ANGAIR (Anglesea, Aireys Inlet Society for the Protection of Flora and Fauna) is dedicated to protecting our indigenous flora and fauna, and to maintaining the natural beauty of Anglesea and Aireys Inlet and their local environments. It was established in 1969 through the influence of a local resident Mrs Edith Lawn. Read more about our achievements over the last 40 years.
We hope you enjoy your visit to the ANGAIR website and will consider joining our Society. If you are interested in the environment, want to learn more about the flora and fauna found in it, and wish to conserve it for future generations, you will gain enormous satisfaction and enjoyment from being an ANGAIR member.
Seven of us rugged up and ventured up into the Otway National Park behind Lorne to Sharps Camping Area and Sheoak Picnic Area.
Although we often see dense colonies of the distinctive leaves of Fringed Hare Orchids, Leporella fimbriata, scattered throughout the district, the flowers are often few and far between.
We were fortunate to have good weather for the formal opening of the indigenous plant propagation centre.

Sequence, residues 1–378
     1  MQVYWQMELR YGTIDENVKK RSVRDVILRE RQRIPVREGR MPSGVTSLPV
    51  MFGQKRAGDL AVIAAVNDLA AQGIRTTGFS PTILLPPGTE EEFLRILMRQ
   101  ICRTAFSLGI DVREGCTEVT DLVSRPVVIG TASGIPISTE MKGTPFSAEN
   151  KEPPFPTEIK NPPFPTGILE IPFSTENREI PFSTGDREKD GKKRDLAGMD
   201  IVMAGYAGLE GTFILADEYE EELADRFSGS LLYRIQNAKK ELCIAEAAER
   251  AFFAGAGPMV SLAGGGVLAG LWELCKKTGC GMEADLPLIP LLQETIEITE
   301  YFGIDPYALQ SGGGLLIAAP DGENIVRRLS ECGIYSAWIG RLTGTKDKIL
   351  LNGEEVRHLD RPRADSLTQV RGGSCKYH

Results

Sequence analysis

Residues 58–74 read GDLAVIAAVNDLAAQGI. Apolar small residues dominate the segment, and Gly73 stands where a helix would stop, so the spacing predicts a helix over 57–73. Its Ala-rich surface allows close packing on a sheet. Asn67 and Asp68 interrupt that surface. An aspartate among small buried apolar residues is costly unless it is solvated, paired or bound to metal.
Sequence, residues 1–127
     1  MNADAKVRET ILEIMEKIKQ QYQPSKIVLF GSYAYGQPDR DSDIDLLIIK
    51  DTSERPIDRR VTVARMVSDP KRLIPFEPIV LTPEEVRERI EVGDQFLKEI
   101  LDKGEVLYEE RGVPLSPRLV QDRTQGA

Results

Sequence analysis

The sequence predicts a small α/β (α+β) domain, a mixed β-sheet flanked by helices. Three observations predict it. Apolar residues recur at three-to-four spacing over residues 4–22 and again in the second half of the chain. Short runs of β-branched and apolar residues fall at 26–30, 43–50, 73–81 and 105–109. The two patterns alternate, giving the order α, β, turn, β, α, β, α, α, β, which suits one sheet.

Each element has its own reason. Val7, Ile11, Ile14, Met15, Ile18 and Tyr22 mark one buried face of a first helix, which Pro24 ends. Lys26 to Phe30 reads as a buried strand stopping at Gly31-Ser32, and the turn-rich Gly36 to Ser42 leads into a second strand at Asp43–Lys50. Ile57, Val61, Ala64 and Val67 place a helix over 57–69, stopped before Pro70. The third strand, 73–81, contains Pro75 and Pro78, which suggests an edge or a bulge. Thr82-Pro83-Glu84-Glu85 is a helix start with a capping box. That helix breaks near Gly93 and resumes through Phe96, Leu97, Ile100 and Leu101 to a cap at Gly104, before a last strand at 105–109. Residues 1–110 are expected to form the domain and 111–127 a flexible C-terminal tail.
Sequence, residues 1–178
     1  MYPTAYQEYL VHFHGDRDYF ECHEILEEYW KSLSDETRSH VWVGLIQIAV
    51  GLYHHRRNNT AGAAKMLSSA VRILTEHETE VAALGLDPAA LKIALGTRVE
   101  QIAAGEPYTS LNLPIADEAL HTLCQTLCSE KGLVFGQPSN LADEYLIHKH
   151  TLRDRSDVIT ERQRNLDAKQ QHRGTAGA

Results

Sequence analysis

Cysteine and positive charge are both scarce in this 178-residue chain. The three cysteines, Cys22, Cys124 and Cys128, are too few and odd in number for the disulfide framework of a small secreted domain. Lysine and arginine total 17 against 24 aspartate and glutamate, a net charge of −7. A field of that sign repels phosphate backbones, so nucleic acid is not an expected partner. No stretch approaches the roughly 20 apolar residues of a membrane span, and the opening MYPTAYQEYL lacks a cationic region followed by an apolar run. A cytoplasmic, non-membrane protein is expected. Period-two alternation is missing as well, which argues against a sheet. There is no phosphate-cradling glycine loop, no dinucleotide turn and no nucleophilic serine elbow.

Last month we had hoped to find Swift Parrots in the Yellow Gums at Ocean Grove Yellow Gums Reserve, but once again were disappointed, so this bird remains on my yet-to-see list!
Mirror Bush & Kohuha - Imports from NZ
NZ Mirror Bush Coprosma repens and Kohuhu Pittosporum tenuifolium are imports from New Zealand. Both are evergreen trees with glossy leaves that tend to grow in dense clumps eliminating indigenous species. Birds disperse the Mirror Bush berries and Kohuhu seeds into bushland reserves.
More details about how to control this weed can be found in the archive of Weeds of the Month.
There are a number of wonderful local Friends Groups that provide ANGAIR members and the community with opportunities for involvement.